Publication: Prism Volume: 4 Issue: 19


By Elizabeth Teague

[Paper delivered at the National Convention of the American Association for the Advancement of Slavic Studies in Boca Raton, Florida, on September 26, 1998.]

The Russian federal government was clearly alarmed by the way Russia’s eighty-nine regions reacted to the financial crisis into which the country was plunged on August 17. All over Russia, regional leaders scrambled to protect their populations from hardship, conjuring up visions in Moscow of rampant regional separatism and secession. Yevgeny Primakov’s government responded with a series of measures aimed at re-asserting the center’s control. An important role is envisioned in this process for Russia’s eight interregional economic associations (IREAs).. If all goes according to plan, they are slated in future to play a more important role than most of them have played so far.

Since the break-up of the USSR, Russia’s regions have grouped themselves into eight IREAs, loosely based on the economic regions into which Russia was divided in Soviet times.(1). The first and most successful association was Siberian Agreement.(2). Set up in the summer of 1991, the Siberian Agreement wrested a number of economic concessions from the federal government. These put the association’s member-regions at such an advantage vis-a-vis the federal government that other regions soon followed suite. Now all are members of one or other of eight IREAs, the only exceptions being Chechnya and Buryatia. Chechnya belongs to none, while Buryatia has signed up for both the Far East and Siberian Agreement.

Siberian Agreement aside, the IREAs have not yet carved out an effective economic or political role. Despite grandiose predictions, they have not turned into “super-regions.” Neither have they served as the seedbeds for provincial political parties. Most do not function as cohesive economic units but instead merely as lobbying groups that represent the interests of their members to the federal government.

The “Great Volga” IREA is a case in point. Consisting of twelve republics and oblasts, “Great Volga” was set up without a clear idea on the part of its members about what role they wanted it to play. According to local journalist Ilya Malyakin, the Volga region has never perceived itself as an entity.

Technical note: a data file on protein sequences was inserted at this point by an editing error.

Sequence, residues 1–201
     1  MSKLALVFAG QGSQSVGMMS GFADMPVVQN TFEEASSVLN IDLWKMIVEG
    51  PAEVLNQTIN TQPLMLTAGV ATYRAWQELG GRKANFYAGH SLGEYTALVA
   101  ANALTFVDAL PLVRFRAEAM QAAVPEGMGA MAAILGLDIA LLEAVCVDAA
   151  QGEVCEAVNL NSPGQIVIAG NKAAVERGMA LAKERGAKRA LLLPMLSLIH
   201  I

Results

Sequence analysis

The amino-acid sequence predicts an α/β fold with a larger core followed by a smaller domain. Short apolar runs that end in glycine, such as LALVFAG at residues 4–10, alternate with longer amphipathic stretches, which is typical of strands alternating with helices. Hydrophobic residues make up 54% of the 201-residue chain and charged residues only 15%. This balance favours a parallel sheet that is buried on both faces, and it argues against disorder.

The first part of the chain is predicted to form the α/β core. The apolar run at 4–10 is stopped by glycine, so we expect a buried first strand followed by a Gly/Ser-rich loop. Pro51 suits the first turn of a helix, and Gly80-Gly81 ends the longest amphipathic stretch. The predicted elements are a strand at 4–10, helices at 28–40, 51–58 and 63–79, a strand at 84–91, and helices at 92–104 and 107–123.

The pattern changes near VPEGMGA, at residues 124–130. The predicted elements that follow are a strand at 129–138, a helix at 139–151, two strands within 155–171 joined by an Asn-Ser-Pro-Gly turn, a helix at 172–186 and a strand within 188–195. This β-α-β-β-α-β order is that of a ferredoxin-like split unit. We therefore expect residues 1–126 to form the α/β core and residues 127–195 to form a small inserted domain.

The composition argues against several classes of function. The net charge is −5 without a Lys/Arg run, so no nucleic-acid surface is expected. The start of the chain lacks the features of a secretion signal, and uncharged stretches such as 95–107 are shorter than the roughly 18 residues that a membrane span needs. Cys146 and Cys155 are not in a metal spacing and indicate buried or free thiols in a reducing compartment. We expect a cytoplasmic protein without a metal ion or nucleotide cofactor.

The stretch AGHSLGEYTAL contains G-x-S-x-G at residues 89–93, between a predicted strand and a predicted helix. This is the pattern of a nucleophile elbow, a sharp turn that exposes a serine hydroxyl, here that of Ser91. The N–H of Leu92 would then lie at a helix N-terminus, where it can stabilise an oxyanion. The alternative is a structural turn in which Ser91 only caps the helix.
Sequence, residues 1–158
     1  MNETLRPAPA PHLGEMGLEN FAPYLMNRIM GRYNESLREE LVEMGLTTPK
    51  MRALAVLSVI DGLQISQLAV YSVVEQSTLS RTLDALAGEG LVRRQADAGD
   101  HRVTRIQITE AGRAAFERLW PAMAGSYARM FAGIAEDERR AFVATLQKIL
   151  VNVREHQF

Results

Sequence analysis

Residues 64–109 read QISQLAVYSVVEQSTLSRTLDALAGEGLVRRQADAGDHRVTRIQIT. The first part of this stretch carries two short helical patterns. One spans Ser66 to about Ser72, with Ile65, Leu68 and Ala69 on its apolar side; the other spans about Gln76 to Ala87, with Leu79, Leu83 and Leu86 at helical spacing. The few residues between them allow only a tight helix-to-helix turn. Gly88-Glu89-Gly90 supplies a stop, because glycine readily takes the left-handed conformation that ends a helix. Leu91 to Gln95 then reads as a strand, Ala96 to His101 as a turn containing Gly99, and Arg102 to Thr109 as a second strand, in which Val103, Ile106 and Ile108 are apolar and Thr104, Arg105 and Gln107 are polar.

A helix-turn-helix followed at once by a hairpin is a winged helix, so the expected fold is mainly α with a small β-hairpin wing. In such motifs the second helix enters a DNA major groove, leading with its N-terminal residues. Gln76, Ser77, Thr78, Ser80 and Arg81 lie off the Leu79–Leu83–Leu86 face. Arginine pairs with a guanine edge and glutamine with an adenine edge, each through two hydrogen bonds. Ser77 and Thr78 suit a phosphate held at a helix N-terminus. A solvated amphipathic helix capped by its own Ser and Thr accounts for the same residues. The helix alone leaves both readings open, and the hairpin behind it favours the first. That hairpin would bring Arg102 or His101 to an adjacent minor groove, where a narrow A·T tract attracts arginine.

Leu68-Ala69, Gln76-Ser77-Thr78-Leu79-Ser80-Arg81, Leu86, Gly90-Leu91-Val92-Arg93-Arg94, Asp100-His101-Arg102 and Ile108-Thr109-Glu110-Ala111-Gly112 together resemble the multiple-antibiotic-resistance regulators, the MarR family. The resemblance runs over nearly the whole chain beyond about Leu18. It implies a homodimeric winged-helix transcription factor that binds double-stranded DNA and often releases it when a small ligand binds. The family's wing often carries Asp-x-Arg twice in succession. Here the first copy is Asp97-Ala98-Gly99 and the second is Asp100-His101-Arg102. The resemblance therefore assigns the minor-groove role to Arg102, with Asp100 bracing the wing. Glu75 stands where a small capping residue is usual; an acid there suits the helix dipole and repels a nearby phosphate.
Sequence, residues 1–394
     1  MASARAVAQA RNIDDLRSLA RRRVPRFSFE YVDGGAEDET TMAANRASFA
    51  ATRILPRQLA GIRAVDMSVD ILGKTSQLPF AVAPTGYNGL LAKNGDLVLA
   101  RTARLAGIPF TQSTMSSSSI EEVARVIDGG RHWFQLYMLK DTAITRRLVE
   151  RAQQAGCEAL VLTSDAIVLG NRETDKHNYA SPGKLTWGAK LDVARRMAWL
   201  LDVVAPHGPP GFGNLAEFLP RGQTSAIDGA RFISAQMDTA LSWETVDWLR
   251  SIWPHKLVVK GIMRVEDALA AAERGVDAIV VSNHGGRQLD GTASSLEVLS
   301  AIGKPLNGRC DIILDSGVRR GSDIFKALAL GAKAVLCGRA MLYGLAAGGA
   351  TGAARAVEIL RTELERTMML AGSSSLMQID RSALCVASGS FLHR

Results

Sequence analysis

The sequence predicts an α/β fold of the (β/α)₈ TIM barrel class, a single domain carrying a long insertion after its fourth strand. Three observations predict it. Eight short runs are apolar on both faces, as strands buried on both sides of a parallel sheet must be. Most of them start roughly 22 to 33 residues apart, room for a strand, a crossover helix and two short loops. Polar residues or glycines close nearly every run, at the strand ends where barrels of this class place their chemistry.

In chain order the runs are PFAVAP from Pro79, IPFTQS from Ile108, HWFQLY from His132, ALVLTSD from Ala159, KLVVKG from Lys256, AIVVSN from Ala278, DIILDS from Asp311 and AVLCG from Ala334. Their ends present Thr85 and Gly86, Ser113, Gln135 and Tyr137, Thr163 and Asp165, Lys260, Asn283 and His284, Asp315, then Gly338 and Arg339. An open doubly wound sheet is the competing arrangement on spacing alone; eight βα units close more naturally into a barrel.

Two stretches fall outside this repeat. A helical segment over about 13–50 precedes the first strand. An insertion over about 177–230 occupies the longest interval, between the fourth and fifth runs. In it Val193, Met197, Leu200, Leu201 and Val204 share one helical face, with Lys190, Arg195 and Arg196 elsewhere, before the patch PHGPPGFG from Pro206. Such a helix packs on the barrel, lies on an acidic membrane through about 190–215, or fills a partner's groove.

The association has been riven with feuds and animosities, such as those between the ambitious governors of Samara and Saratov Oblasts. It has no mechanism enabling it to mediate such interregional conflicts. No attempt has been made, therefore, to resolve the ongoing territorial dispute between Kalmykia and Astrakhan Oblast.(3).

During the financial crisis of the past six weeks, governors in many regions took extraordinary measures to try to shield their populations and, in particular, to make sure that they were fed adequately. Governors in Belgorod, Chuvashia, Moscow, Krasnoyarsk, Omsk and Yaroslavl all introduced price controls on staple goods such as meat, milk, pasta and flour. Some governors banned the export of foodstuffs from their territories. Others tried to protect local producers by slapping tariffs on goods imported from outside their borders. The first people hurt by these measures were, of course, the populations of neighboring regions. Because many of these would have been members of the same IREA, it was clear that regional loyalties do not yet extend much further than the borders of individual krais, oblasts or republics. Some regional leaders made plans for local surrogate currencies and food rationing. Other governors–including those in Astrakhan, Kaliningrad, Kalmykia, Khakassia and Omsk–threatened to withhold taxes from the federal budget by asserting control over their local branch of the Federal Treasury.(4). Since at least 1997, IREAs have been used by the federal government on a fairly regular basis as a convenient mechanism for taking the pulse of the country as a whole. Now they are to be offered a greater and more institutionalized voice. On September 22, President Boris Yeltsin signed a decree inviting the leaders of the eight IREAs to participate ex officio in the work of the federal government.